On the heels of the
Social Good Summit held in New York between September 22 -24, 2012 the
African Medical and Research Foundation UK (AMREF UK) has merged the use of social media and storytelling in Tanzania using
Pinterest, the popular image-sharing social network. Rather than report from the ground themselves about the plight of young girls who often become young mothers, AMREF UK has given a camera phone to
a young 13-year-old mother of two, Sihiba, to
chronicle her daily life, on Pinterest. In this campaign called Children with Children, AMREF UK is
allowing Sihiba to tell her own story through photos and social media.
In Mtwara, a village in remote Tanzania where Sihiba lives, over 60 percent of adolescents have had sex, but only
6 percent use contraception. In fact, contraception education is rare and access to contraceptives is poor. It is common for young girls to become pregnant while they are still in primary school. Sihiba first became pregnant at 11 after having sex
with an older man for money. AMREF’s Sauti ya Vijana (‘Voice of Youth’) project teaches the youth in Mtwara about using contraceptives and helps young girls like Sihiba gain skills to provide for them and their children.
I spoke with Rebecca Stagg of
AMREF UK about the Children with Children campaign and why they decided to use Pinterest to facilitate storytelling from a young mother’s perspective.
JJ: Why did AMREF UK decide to use Pinterest as a means for Sihiba to tell her story?
We worked with advertising agency BBH who came up with the idea of using Pinterest to tell the story of one of the young women who has benefitted from an AMREF project. The reason they originally thought of using Pinterest, and we agree, is that it is currently
mostly used for one thing -- to share pictures of beautiful things -- objects, clothes, jewelry, and things for the home. Most of the images are professionally taken, or very beautiful, and it’s very much about sharing things we would like in our lives. Our
project, called Children with Children, aims to shake Pinterest up a bit! We thought a campaign which allows someone who’s benefitted from an AMREF project to post their own pictures on their own page – not perfect images of beautiful things, but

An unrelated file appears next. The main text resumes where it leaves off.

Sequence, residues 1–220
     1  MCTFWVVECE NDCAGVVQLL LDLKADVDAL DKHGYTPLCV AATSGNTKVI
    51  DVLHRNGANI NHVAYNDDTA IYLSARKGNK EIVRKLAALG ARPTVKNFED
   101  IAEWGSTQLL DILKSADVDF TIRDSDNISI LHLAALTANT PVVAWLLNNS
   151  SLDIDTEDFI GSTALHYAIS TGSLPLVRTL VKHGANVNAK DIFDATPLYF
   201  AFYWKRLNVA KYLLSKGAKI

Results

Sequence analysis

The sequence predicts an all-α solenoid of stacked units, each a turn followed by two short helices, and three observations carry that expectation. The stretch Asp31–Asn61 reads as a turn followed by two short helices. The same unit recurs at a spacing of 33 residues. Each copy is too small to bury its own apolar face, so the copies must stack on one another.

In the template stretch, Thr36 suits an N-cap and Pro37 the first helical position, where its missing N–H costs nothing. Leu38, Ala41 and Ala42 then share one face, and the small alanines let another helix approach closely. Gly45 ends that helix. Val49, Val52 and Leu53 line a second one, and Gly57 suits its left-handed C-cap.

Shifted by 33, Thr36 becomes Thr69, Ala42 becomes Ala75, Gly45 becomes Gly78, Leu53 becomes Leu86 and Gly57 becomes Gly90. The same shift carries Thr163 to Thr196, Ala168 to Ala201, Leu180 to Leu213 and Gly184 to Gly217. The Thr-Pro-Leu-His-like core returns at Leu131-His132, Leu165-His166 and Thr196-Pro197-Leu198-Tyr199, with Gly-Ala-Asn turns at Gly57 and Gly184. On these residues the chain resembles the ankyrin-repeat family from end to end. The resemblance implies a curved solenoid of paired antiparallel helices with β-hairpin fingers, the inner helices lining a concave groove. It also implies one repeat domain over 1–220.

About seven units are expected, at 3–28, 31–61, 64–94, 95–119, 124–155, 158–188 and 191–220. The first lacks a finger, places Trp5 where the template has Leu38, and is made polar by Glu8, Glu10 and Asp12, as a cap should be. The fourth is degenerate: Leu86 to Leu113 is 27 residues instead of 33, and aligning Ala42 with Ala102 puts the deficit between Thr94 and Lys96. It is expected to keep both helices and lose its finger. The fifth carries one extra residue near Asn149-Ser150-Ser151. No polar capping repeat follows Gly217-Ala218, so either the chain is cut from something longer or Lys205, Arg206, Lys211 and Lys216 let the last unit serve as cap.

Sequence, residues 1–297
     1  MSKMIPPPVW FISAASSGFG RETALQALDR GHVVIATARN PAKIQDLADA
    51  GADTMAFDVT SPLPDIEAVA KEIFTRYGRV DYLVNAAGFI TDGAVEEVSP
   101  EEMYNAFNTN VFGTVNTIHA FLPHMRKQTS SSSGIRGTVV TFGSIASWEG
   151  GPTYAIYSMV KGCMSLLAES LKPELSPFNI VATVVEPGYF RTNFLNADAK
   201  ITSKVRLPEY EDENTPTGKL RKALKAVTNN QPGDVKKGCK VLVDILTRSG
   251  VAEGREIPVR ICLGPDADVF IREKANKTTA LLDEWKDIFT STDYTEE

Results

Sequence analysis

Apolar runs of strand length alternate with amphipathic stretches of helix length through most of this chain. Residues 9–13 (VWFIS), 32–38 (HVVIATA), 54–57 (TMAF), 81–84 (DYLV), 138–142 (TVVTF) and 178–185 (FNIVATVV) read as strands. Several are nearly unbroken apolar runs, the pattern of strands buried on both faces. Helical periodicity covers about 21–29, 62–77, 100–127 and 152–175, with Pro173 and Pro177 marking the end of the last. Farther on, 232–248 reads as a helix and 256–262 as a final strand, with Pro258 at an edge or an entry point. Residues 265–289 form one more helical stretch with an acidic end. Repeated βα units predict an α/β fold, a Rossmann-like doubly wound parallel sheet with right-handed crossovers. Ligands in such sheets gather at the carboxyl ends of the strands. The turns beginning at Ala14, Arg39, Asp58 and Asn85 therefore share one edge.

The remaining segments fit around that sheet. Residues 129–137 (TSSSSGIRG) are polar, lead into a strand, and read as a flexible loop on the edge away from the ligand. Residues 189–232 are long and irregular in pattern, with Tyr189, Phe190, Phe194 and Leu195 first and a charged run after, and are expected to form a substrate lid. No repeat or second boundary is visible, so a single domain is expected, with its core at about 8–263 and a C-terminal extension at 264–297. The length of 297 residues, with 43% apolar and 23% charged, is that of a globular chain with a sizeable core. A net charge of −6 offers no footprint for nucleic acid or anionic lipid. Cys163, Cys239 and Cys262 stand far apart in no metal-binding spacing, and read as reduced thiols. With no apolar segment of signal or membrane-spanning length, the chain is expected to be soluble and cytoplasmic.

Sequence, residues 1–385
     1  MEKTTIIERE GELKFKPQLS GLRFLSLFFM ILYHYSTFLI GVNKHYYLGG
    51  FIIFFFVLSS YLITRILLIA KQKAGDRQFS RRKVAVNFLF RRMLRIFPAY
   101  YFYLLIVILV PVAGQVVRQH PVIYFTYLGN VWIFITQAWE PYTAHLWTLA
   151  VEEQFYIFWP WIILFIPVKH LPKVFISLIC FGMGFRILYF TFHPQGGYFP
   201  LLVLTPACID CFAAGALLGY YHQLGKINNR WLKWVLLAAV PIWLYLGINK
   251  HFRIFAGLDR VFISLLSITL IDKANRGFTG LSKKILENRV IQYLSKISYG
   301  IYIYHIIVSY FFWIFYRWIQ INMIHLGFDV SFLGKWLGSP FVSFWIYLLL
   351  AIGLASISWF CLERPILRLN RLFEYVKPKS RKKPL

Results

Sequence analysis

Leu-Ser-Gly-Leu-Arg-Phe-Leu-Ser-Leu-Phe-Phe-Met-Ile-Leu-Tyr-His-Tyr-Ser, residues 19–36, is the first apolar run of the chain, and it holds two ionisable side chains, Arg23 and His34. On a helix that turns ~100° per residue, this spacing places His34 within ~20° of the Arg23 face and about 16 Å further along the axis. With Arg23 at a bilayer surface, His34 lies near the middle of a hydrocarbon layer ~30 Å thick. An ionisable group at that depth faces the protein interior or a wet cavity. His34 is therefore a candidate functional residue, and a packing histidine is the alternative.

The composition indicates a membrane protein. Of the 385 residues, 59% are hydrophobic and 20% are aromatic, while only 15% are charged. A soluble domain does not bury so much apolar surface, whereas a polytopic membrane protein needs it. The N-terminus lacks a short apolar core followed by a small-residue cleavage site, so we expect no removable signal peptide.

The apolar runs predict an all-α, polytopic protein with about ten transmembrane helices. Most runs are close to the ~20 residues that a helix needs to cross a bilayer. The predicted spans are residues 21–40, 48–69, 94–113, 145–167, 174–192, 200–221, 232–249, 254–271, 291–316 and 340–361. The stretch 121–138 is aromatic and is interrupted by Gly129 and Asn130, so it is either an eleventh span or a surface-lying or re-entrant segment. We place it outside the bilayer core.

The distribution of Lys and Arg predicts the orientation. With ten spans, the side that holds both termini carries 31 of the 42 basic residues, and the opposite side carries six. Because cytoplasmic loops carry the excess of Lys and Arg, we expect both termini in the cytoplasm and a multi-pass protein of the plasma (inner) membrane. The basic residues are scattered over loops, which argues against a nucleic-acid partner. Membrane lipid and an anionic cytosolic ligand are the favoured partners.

just pictures that capture the young woman’s life, would be the perfect way to interrupt this stream of prettiness on Pinterest, and get people talking about something different, something that we think is important.
We then worked with our offices in Tanzania to find a young woman who wanted to take part, and Sihiba came along!
JJ: Typically we hear stories of people in developing countries as told
to organizations rather than them telling their own stories. Why was this important for AMREF?
It is very difficult to give the people benefitting from projects on the ground a way to tell their own story. It isn’t feasible, or necessarily safe, to give people a smartphone or a camera, and NGOs, quite rightly, often do not want to spend money on that.
However, stories are always more powerful when they are told by the people they are about. That’s why Sihiba’s page is so unique, she will update it herself, with pictures she’s taken herself of her surroundings, her home and her family, in real time. AMREF
UK will translate her comments and captions as they will be posted in her native language Swahili. We have given Sihiba the chance to tell her own story and we’re really excited to see and hear what she’ll share with us!
As part of BBH’s commitment to the Children for Children campaign, they were able to support the costs of the Pinterest project and purchased the camera phone which Sihiba will use to take and post her pictures. One aspect of the project which was paramount
throughout the planning stages was ensuring Sihiba’s safety. The phone she uses is kept in a safe, secure AMREF office and she has support from a peer worker to help her update her Pinterest page so that it doesn’t affect her life too much and she has enough
time to look after her baby and go about her daily routine as normal.
You can follow Sihiba’s board and see and share her photos of daily life at